• Monoclonal antibodies are usually administered parenterally but can also be administered intravenously, subcutaneously or intramuscularly, depending on the exact therapy and formulation
  • Use during plasmapheresis:
    • mAbs are present in the plasma and may be removed during plasmapheresis
    • Therapy plans that include apheresis should carefully consider dose timing to limit removal and allow for distribution to extravascular fluid compartments
Sample assessment & plan
  • Transfusion service serology report:
    • 70 year old man with multiple myeloma being treated with daratumumab (anti-CD38). Blood bank was alerted of the patient's medications and followed protocol for type and screen for patients on anti-CD38 therapy. Baseline testing on this patient prior to initiation of therapy demonstrated a blood type of A positive and a negative antibody screen. Repeat testing at this time confirms the A positive blood type. Antibody screening on the current sample was performed with DTT treatment of reagent red cells and also demonstrates a negative result.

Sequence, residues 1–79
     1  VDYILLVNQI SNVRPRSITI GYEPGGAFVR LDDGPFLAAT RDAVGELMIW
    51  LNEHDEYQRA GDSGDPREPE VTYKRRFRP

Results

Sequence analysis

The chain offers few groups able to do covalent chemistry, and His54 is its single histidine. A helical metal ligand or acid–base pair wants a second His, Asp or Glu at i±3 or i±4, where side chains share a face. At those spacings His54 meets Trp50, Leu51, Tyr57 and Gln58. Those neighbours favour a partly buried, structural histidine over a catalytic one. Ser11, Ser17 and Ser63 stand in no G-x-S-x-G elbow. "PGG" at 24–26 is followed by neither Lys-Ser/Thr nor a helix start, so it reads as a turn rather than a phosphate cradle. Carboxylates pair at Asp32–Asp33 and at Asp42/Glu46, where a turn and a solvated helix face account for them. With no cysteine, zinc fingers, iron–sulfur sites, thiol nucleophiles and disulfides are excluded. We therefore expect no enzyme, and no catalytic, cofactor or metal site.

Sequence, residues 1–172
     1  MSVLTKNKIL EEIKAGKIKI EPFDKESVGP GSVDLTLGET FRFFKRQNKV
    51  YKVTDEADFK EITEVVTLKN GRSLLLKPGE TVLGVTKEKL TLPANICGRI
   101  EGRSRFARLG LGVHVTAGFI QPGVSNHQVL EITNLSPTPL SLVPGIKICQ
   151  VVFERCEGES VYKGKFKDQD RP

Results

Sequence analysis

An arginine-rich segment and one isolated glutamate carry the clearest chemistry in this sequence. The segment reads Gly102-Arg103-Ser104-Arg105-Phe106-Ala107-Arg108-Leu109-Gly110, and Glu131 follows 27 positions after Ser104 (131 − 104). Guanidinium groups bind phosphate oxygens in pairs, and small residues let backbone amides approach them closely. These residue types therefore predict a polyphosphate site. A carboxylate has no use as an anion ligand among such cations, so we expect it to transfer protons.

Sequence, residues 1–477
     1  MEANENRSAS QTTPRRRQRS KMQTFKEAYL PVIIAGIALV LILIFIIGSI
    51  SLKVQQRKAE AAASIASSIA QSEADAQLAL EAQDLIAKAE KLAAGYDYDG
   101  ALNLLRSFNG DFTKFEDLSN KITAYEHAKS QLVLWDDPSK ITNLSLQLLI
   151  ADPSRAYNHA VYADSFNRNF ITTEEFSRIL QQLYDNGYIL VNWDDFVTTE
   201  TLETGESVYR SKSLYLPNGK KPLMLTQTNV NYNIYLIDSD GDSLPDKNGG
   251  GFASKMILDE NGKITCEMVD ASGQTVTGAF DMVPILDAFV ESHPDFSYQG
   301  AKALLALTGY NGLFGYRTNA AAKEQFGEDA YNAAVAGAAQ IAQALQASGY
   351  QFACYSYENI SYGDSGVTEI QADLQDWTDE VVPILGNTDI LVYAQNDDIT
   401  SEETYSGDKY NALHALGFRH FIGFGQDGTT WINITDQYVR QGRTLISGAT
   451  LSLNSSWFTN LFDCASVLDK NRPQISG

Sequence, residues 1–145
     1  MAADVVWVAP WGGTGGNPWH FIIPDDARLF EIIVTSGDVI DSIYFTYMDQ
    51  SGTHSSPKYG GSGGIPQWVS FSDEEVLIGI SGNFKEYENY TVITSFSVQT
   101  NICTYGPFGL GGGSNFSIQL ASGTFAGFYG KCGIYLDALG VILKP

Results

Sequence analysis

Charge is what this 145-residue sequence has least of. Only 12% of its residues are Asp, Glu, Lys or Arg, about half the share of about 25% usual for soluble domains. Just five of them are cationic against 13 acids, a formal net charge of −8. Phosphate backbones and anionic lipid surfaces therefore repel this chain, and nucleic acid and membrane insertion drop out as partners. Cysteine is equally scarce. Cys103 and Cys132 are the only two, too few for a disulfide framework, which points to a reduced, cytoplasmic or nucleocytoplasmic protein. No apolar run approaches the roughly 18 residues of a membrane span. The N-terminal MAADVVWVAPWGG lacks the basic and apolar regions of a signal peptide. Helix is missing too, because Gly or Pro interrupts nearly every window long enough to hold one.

• Due to the use of DTT for antibody screening, we are unable to detect antibodies directed against antigens in the Kell blood group system and will provide the patient with K-k+ RBCs based on the patient's phenotype.
Board review style question #1
Your blood bank receives a type and screen sample for a 73 year old female patient that is new to your hospital and laboratory. The ABO / Rh typing is completed without issue and the patient demonstrates a blood type of O positive. The antibody screen is performed and shows that the patient's plasma causes 4+ agglutination with all 3 reagent red cells and the autocontrol is also positive. The blood bank technologist obtains additional clinical information and finds that this patient has multiple myeloma and is being treated with daratumumab. What serology method can be performed to eliminate the panreactivity on the antibody screen and identify underlying alloantibodies?